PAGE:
1) At WINEP Matthew Levitt analyses ‘A Paris Reset on Hezbollah?’.
“Lebanon’s corrupt political system needs major reforms, but Hezbollah has indicated, unsurprisingly, that it will reject any changes that diminish its political status. Specifically, the group insisted in late September that it maintain control of key ministries in any future government. This demand cut against the work of French authorities seeking to help stabilize the country following the devastating port blast in early August. In his response, President Emmanuel Macron signaled a break from typical French passivity toward Hezbollah. He denounced the group’s attempts to pose as a legitimate political party while engaging in militant activity independent of the Lebanese state.”
2) Oded Eran discusses political changes in Jordan at the INSS.
“In advance of the parliamentary elections in Jordan scheduled for November 10, 2020 King Abdullah has appointed Dr. Bisher al-Khasawneh, a close advisor, as Prime Minister. The new government was sworn in on October 12. In addition to the changes in the government and those likely to occur following the elections, the King has also changed the composition of the Senate, the other Jordanian legislative body. This will complete the shake-up in the Jordanian political system. The new system, however, will have to continue to confront longstanding problems, mainly economic, that were aggravated by the decade of effects from the “Arab Spring,” as well as the Covid-19 pandemic.”
3) At the Times of Israel David Horovitz looks at the record of Saeb Erekat.
“But PLO secretary-general Erekat has not only shown himself to be a malicious anti-Israel propagandist; he has also served as Palestinian Authority President Mahmoud Abbas’s righthand man in pursuing a strategy profoundly damaging to his own people’s cause. Avowedly seeking Palestinian statehood, he and his boss nonetheless brushed aside prime minister Ehud Olmert’s 2008 peace offer; stayed away from talks for nine of 10 months when US president Barack Obama persuaded Prime Minister Benjamin Netanyahu to halt all new settlement building; and oversaw a diplomatic lawfare campaign designed to damage Israel’s standing in every conceivable international forum. Most recently, they preemptively rejected the Trump administration’s peace proposal, declined to reengage when the United Arab Emirates obtained the suspension of Netanyahu’s proposal to annex up to 30 percent of the West Bank, and instead castigated the UAE for plunging a “poison dagger” into the heart of the Palestinian cause.”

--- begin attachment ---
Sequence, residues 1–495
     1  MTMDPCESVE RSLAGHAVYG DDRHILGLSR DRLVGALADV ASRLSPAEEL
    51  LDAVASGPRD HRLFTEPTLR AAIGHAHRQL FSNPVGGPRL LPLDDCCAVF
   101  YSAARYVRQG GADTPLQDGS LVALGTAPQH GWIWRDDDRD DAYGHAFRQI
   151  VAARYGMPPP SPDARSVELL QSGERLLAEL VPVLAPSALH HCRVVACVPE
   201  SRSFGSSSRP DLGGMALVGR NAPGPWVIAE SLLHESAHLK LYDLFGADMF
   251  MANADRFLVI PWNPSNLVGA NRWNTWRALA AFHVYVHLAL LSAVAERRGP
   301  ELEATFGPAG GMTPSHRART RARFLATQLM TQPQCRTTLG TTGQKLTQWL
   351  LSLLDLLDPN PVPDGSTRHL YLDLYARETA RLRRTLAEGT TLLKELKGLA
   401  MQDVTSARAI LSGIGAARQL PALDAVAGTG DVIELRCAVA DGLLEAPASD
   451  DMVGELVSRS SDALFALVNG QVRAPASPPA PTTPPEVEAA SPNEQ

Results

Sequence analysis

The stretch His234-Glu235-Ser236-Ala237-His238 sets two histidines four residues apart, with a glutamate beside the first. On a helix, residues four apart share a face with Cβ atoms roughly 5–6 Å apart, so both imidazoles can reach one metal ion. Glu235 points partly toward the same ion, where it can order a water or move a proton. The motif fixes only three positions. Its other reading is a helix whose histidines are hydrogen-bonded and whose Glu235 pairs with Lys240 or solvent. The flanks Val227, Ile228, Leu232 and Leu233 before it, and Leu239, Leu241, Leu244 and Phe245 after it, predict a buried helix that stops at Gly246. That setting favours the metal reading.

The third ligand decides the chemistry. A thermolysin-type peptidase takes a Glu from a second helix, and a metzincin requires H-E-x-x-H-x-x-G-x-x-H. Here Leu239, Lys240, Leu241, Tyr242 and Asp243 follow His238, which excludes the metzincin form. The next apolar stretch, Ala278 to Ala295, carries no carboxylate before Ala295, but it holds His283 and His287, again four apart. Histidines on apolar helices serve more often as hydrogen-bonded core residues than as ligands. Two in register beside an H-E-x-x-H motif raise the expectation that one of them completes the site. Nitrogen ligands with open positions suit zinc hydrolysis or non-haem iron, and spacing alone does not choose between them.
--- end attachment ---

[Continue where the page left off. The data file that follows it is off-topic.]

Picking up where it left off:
4) The ITIC provides the background to the US Treasury’s sanctioning of two Lebanese companies.
“On September 17, 2020, the US Department of the Treasury imposed sanctions on two Lebanese companies, Arch Consulting and Meamar Construction. According to the US Department of the Treasury, this is because these companies are owned, controlled or directed by Hezbollah. In addition to these two companies, sanctions were also imposed on Sultan Khalifah As’ad, a Hezbollah Executive Council official who is closely associated with both companies.
The two sanctioned companies are part of an extensive network of commercial companies controlled or owned by Hezbollah. Those companies have two main goals: support Hezbollah’s military activity and make profits from projects and selling goods (mainly in medicine, fuel and construction) in order to finance Hezbollah’s civilian and military activity.”